Class ended with a standing meditation that involved holding static upright postures for a minute or so each. We then bowed to each other, and the practice was over. I felt ready to jump into a full day of work as soon as it was done. The tightness that can often creep into my body after a night of restless sleep was much alleviated, and any brain fog I woke up with was nonexistent. While I didn’t feel as physically stretched out as I do after a yoga class, I knew the goal was to enliven my energy more so than to move my muscles, and Blane’s class delivered exactly that.

How Do I Start a Qigong Practice?

Curious to give qigong a try but not ready to invest in a class? Follow along with bite-sized routines through YouTube videos. We’ve curated a few of our favorite videos that demonstrate qigong for beginners to get you on the right track:

1. How to Feel Great In 10 Minutes - Beginner Qigong Routine

2. 7 Minute Qigong Routine - Easy Beginner Practice to Invigorate the Qi

3. 3 Best Qi Gong Exercises for Beginners

If you decide this is a practice you enjoy, the next step is finding a teacher you can consistently practice with and learn from, so start by Googling qigong classes near you. Daoist temples or organizations often host free or cheap classes, and there are plenty of teachers who provide virtual offerings so you can learn in the comfort of your own home. Be sure to always check a teacher’s credentials to see where they studied, who has influenced their practice, and what style of qigong they specialize in. The only thing left to do now is maintain a steady practice and observe how qigong impacts your life!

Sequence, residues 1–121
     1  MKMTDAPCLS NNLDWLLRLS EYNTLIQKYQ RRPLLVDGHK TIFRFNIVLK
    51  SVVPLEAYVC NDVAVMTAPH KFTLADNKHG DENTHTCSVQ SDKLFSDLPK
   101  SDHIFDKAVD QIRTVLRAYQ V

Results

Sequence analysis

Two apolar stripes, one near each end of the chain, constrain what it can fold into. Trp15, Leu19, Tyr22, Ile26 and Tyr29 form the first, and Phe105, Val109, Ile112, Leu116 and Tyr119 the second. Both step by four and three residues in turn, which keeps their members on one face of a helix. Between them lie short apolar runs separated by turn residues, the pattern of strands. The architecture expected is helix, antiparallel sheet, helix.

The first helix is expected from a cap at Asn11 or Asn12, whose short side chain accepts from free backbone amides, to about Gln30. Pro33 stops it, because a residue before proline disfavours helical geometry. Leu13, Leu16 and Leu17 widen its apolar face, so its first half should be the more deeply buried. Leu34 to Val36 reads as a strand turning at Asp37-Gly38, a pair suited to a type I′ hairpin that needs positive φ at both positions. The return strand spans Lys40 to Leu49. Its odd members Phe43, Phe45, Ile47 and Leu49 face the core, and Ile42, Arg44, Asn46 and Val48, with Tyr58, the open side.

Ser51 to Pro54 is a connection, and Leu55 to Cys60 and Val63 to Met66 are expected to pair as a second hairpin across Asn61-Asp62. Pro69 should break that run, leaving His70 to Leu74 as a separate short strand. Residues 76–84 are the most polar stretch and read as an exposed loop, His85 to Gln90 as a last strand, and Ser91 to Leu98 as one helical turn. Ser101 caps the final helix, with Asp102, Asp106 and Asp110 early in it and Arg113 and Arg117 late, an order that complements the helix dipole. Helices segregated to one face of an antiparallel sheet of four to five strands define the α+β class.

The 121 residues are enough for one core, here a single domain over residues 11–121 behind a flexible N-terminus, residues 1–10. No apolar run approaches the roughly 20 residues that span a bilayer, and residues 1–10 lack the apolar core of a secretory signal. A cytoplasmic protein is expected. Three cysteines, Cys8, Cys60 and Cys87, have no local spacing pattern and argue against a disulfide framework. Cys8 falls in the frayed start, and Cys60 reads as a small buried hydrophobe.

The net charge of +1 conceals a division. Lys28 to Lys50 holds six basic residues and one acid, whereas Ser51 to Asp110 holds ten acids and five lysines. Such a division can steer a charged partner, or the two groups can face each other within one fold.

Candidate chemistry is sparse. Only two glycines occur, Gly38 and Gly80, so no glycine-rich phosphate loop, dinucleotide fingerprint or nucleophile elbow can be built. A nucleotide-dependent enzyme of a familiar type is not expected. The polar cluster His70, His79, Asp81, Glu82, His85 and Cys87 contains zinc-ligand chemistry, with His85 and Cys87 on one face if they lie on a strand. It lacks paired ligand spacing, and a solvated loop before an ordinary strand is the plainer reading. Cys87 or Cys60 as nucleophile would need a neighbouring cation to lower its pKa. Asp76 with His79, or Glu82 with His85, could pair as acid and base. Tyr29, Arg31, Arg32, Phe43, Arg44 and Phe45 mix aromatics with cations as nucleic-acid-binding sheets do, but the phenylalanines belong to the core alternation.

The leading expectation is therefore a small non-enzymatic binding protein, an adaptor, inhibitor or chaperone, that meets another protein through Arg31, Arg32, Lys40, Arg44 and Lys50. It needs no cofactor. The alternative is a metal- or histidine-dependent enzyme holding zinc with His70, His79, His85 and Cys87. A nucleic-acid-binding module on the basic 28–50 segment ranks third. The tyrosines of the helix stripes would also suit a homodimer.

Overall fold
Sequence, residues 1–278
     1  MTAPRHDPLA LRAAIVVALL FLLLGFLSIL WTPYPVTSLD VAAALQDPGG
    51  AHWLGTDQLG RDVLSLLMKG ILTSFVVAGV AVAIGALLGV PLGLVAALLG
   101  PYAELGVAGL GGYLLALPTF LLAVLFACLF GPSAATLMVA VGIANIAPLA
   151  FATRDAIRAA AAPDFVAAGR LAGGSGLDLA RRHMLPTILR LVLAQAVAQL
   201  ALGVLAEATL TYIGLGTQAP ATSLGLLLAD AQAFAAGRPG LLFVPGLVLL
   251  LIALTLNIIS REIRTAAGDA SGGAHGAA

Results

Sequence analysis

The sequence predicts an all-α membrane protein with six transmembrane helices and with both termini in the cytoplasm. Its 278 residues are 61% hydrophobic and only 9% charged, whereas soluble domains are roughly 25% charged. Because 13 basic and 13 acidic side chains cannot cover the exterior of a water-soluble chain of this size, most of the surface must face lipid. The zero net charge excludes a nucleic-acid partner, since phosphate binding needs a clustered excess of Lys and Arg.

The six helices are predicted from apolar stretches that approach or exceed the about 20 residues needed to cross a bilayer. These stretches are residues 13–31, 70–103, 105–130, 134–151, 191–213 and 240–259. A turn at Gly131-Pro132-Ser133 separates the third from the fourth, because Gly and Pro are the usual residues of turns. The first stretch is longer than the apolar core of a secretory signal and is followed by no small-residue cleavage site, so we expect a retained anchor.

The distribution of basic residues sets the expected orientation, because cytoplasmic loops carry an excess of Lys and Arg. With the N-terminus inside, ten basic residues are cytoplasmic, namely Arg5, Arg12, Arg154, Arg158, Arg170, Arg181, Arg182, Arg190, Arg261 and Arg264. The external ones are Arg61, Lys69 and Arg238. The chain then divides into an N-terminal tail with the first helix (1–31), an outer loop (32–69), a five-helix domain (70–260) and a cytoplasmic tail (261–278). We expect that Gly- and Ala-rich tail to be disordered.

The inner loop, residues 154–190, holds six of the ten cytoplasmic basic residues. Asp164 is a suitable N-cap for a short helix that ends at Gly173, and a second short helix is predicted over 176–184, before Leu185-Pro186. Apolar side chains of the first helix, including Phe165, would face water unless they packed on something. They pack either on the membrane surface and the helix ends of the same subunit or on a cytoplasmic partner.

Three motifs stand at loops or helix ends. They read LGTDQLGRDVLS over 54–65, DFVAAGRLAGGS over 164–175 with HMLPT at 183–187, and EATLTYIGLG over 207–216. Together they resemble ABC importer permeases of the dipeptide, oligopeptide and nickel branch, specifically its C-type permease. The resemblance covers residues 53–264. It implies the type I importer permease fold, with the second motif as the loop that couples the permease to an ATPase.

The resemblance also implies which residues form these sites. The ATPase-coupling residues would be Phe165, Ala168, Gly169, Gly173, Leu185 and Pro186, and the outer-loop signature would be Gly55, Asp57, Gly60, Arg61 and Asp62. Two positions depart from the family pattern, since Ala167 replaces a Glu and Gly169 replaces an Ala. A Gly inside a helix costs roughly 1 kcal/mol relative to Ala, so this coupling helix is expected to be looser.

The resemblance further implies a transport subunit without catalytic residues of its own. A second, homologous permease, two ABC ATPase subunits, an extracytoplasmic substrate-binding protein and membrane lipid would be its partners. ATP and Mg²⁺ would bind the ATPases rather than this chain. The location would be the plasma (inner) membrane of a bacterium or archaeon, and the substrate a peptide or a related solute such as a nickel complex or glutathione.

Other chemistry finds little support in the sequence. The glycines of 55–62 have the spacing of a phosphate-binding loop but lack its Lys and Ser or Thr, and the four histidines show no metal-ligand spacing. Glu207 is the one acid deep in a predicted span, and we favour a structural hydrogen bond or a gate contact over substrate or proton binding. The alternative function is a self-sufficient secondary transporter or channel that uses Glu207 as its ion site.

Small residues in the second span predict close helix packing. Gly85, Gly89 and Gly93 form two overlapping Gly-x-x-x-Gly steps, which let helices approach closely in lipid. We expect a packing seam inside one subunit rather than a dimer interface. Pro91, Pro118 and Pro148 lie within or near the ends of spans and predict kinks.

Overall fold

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About the Author

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About the Author

Megan Edwards

Megan Edwards is a staff writer and content producer for Forks Over Knives. She is also a certified RYT-500 yoga teacher who is passionate about cultivating holistic wellness through plant-based eating, mindful movement, and meditation. With a background in journalism and marketing, she supports both the online presence and quarterly print magazine for Forks Over Knives.